‘LAY BARE YOUR BROTHER’S SIN’—WHEN AND HOW?
14. (a) What steps did Jesus outline for handling cases of sin against a person, which cases are too serious to be overlooked? (b) What would it mean for one to be viewed “as a man of the nations and as a tax collector”?
14 Jesus gave counsel concerning sins that might be committed against a person and that are considered as too serious in nature to be overlooked. He said: “If your brother commits a sin, go lay bare his fault between you and him alone. If he listens to you, you have gained your brother.
15. How might a minor personal offense beneficially be handled, but was this the type of offense that Jesus was here discussing?
15 Since the steps that Jesus set forth could lead to such a serious consequence, he was obviously not setting out a formula for the handling of every petty offense against an individual. Of course, many times it is the proper and wise and very helpful thing to go and talk to someone where personal difficulty exists because of some minor offense, doing this with the aim of healing any breach that seems to be developing. (Matt. 6:14, 15; Prov. 12:18) Many misunderstandings are cleared up in this way. But evidently this was not what Jesus was speaking of at this time. He referred, not to mere personal differences, but to offenses serious enough to merit one’s expulsion from the congregation.
16. Before initiating the procedure outlined at Matthew 18:15-17, what caution is in order?
16 Before ever you would initiate the procedure set out at Matthew 18:15-17, then, you should have definite proof that such a serious sin was indeed committed against you. Jesus did not say, ‘If you think your brother has sinned.’ You should consider the counsel at Proverbs 25:8-10 so that you do not start something that will only bring shame and humiliation upon you yourself. Even where the proof exists, you should not spread the matter abroad, gossiping about it, but should go to the offender privately and “lay bare his fault between you and him alone.”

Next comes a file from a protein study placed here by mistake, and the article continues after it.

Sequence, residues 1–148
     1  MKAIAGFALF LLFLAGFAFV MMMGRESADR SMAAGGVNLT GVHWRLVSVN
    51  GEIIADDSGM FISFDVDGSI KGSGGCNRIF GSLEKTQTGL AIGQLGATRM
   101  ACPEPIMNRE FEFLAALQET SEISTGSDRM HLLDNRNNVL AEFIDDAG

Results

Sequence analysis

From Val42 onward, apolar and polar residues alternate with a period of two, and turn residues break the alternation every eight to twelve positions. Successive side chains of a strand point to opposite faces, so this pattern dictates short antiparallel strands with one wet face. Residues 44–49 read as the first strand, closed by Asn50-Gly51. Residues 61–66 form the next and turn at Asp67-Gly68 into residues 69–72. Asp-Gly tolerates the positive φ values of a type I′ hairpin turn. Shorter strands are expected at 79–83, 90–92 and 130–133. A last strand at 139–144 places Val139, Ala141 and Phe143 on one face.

17. What is meant in this scripture by ‘gaining’ one’s brother?
17 If your brother “listens,” accepting your reproof, then “you have gained your brother.” Does this refer simply to effecting a personal reconciliation? No, but as the rest of Jesus’ counsel shows, it must mean ‘gaining him’ in the sense of helping him to stay within the congregation, turning him back from a course that could lead to his being expelled therefrom, with accompanying loss of God’s favor and blessing. So the ‘gaining’ of your brother would be in the sense described at James 5:19, 20, Galatians 6:1 and Jude 22, 23. This, in fact, should be your principal aim and desire—not that of getting personal relief or satisfaction for some offense.
18. What offenses were not covered by the instructions here given by Jesus, and why not?
18 Where the sinner accepts reproof and seeks forgiveness, Jesus states, there is no need to carry the matter farther. This fact shows that, although serious, the offenses here discussed were limited in nature to such as could be settled between the individuals involved. This would not include such offenses as fornication, adultery, homosexuality, blasphemy, apostasy, idolatry and similar grave sins, for under the Law covenant then in force, these sins required more than forgiveness from an offended individual.—1 Cor. 6:9, 10; Gal. 5:19-21.
19. The sins here under consideration were of what nature, and what indicates this?
19 In view of this, and in view of the illustration that Jesus subsequently gave, as recorded at Matthew 18:21-35, the sins here considered evidently were sins such as those involving financial or property matters—failing to make proper payment for something, some action involving a measure of fraud—or perhaps damaging one’s reputation by actual slander, or similar sins. In these cases, if the offender recognized his wrong, expressed willingness to right it to the extent possible, and sought forgiveness, the matter could be settled by the offended one’s granting forgiveness.—Compare Matthew 5:25, 26; Luke 12:58.